When companies stumble, they bring back the founder.
Jane Berentson, editor of Inc.
America, they say, is the land of second chances. No one knows this better than our readers, many of whom have started businesses and failed. True entrepreneurs never leave it at that, however. They start again and often succeed, occasionally beyond their wildest dreams (though wild dreams are often at the heart of start-ups).
There's another kind of second chance, and that's the one given to companies that start well but falter as they mature. There are many reasons companies head south, but boards of directors tend to gravitate toward the same cure (or hope of a cure): bringing back the founder. Famous examples abound: Steve Jobs, Michael Dell, Howard Schultz.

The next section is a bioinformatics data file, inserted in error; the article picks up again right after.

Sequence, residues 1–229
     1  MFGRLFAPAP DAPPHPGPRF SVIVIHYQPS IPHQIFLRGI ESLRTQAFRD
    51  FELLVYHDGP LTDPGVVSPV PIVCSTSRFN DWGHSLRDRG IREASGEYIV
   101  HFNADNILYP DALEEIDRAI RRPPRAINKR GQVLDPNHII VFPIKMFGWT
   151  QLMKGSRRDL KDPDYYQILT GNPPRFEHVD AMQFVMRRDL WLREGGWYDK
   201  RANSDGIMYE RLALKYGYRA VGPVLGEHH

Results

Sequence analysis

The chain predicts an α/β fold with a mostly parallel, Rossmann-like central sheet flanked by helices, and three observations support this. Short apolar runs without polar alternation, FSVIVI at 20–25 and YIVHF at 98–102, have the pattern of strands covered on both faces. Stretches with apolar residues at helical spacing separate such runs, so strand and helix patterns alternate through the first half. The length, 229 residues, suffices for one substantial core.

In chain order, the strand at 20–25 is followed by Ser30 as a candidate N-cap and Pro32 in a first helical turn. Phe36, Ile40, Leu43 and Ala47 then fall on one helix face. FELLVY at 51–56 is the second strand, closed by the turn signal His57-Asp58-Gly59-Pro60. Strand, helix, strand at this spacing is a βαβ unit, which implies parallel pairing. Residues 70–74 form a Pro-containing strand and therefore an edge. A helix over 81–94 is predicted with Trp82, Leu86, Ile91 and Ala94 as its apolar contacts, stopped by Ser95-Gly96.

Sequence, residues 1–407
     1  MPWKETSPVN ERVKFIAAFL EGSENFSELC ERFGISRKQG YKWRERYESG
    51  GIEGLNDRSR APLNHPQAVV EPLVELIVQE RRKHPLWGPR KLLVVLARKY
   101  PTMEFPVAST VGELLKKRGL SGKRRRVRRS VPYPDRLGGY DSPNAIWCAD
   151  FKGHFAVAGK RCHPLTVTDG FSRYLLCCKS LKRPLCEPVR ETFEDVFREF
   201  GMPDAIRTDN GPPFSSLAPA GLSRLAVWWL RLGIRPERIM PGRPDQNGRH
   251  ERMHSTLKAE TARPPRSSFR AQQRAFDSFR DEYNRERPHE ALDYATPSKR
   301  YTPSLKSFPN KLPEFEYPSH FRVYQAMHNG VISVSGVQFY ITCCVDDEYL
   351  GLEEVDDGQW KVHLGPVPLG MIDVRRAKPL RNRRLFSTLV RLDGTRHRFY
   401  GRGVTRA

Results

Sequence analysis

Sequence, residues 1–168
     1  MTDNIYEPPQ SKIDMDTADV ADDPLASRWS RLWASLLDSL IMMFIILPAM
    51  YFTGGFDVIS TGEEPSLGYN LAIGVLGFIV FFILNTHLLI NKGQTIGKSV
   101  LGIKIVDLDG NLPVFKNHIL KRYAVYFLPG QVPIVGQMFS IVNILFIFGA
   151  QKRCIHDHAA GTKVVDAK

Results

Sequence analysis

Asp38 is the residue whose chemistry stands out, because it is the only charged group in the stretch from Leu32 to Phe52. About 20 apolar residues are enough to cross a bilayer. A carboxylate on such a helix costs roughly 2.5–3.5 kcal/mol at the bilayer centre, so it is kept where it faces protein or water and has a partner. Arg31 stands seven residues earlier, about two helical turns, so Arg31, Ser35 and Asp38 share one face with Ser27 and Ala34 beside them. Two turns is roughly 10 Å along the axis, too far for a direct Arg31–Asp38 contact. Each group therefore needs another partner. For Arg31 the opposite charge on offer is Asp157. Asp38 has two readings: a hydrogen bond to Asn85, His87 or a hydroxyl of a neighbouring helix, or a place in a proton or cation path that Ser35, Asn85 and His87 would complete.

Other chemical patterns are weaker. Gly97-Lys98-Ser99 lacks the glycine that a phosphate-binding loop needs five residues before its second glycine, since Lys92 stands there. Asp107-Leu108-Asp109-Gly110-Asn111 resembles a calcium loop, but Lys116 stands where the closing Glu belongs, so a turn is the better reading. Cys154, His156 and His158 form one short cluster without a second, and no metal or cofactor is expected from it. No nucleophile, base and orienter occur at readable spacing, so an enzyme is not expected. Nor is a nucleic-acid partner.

In this month's issue, we have two cases of founders who removed themselves from active leadership and then returned. One is Schultz himself, the man behind Starbucks. On the occasion of the publication of his book, Onward: How Starbucks Fought for Its Life Without Losing Its Soul, he talked with senior editor Bobbie Gossage about the strategy he employed to turn around his troubled company. Not surprisingly, they met in a Starbucks, in New York City, where, within minutes, he was spotted by fans, some of whom paused to snap his photo. (The fact that he and his interviewer sat by the window, separated from the crowd by a velvet rope, might have had something to do with the instant recognition.) Gossage quaffed a gingerbread latte, Schultz his favorite—doppio espresso macchiato.
Though modest in size compared with mighty Starbucks, the company that is the subject of our cover story also brought back the founder when it began to stumble. Thirty-year-old Rob Kalin is once again the prime mover at Etsy, the rapidly growing online craft fair. We look forward to reading his book, should he write one, on his experiences steering his fascinating company forward.